Transport operators, who are a key component of the economic fabric of rural towns are finding it increasingly difficult to operate in a challenging environment where pressure on margins, volatile fuel prices and increased operating costs are placing stress on their profitability – especially in cases where they rely on a ‘single contract’ for their survival, says Standard Bank.
“Operating outside large metropolitan areas and primarily serving the agriculture and mining sectors, the role of these smaller transport operators in their local and regional economies is often underestimated,” says Toni Fritz, Head of Vehicle and Asset Finance – Business at Standard Bank.
“Without these transport contractors, farmers and mine operations in far-flung corners of the country would find it difficult to move products and commodities. Within their towns where fuel, service and supply facilities, drivers and local labour rely on the transport sector, their contribution to the economy is even more important.
“Some of these smaller operators rely on single medium to long-term contracts with a single customer to finance their operations. Although this gives them certainty over the contract period, there are several factors that restrict them from opening up their businesses to further opportunities,” says Ms Fritz.
These inhibiting factors include:
- Using horse trailers that are tailored to a customer’s needs. If a transporter is carrying coal, the trucks he or she uses in the fleet are configured to meet these particular requirements. It is therefore difficult to carry other loads that either do not fit the configuration of the vehicle, or that run the risk of contamination.
- Often, single contracts, especially in the mining sector, involve collecting raw material at one point and conveying it to another. The cycle is then repeated. For the operator, this means having to return to the originating point without a revenue – producing load.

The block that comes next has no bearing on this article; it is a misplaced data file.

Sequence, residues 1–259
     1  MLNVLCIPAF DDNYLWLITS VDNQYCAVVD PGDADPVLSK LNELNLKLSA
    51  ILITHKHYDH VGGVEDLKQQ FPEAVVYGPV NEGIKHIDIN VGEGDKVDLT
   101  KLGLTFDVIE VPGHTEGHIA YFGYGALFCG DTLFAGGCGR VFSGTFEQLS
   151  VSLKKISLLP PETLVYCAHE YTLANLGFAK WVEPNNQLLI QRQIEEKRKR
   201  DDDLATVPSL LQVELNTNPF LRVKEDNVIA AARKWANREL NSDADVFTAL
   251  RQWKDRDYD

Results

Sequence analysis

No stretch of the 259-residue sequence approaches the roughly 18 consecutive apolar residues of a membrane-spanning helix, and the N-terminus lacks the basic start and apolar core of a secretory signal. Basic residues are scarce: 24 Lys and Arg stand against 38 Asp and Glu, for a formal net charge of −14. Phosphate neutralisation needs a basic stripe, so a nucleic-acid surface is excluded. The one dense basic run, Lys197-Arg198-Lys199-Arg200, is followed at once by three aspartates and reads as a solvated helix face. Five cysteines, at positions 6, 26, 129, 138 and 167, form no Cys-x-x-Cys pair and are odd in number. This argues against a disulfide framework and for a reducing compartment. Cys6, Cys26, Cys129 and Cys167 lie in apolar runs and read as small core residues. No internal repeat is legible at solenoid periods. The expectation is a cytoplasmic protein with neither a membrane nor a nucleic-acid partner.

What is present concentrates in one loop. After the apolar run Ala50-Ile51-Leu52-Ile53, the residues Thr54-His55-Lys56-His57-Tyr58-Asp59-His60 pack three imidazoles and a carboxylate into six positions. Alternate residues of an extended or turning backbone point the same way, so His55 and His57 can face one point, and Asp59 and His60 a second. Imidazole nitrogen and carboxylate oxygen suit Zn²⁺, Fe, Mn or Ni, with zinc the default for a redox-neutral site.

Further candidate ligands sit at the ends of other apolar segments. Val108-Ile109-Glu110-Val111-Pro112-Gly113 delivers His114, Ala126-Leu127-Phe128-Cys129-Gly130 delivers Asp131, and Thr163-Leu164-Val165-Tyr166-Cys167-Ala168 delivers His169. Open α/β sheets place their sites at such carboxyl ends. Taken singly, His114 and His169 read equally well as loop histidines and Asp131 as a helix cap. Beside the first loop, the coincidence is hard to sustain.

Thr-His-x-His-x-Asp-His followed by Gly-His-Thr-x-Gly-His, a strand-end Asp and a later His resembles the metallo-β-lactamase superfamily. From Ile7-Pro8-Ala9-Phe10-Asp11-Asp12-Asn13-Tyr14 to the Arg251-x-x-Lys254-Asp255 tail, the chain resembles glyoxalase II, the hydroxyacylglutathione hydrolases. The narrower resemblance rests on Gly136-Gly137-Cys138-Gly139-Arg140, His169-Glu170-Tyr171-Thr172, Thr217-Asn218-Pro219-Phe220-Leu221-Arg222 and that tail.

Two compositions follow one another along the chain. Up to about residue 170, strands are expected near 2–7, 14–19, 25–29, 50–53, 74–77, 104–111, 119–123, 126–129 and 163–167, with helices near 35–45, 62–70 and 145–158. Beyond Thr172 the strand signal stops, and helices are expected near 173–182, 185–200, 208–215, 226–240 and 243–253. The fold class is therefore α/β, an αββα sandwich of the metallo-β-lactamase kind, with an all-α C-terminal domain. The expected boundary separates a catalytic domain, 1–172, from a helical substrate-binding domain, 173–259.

- The shortage of suitably qualified drivers and field service personnel.
- Volatile fuel prices that are subject to change at short notice, making it difficult to budget accurately when tendering for contracts. Toll fees add further to operating costs.
- In a market crowded with operators, being forced to aggressively reduce margins to obtain business. Although smaller operators can often work off a lower cost base than larger transport companies, they have to work equipment harder. This has consequences for fleet reliability as scheduled maintenance can sometimes be sacrificed to meet delivery deadlines or bolster margins.
- If the business presents financials that do not support the finance requirements on its own, the transport operator is forced to ‘fit’ financing of equipment into the contract’s terms. Meaning that equipment is likely to be financed over a shorter time period, placing stress on monthly cash flows.
- Industrial action in their operating sectors that can have a negative impact on the value and number of loads carried.
The result of these pressures on smaller contractors is increased scrutiny by financial institutions. This often occurs in times of economic stress, when companies are seeking financial assistance to bridge gaps in their cash flow shortages or even acquire new equipment.
“The primary responsibility of any bank is to manage risk and ensure that transport operators are able to meet their commitments. This sometimes requires that customers’ cash flows are ‘stress-tested’ to assess their sustainability under different scenarios. In this case, the ability of the operator to diversify their operations and the strength and duration of single contracts become critical factors,” says Ms Fritz.
“As we understand the needs of the market, we actively support the growth and sustainability of smaller contractors within reasonable risk parameters.
“There is no doubt, however, that many small contractors are beginning to feel the strain of the ongoing economic downturn. It is important that as soon as signs of financial stress become evident that operators approach the bank for assistance and advice. The sooner the step is taken; the sooner plans can be put in place to assist viable operations to meet financial challenges.
“As partners in supporting economic growth, Standard Bank believes a sustainable transport sector is vital, especially in a country where there is limited rail capacity. Helping to keep trucks on the road and creating opportunities for new operators is critical to all our futures. We intend to be a part of this industry going forward,” concludes Ms Fritz.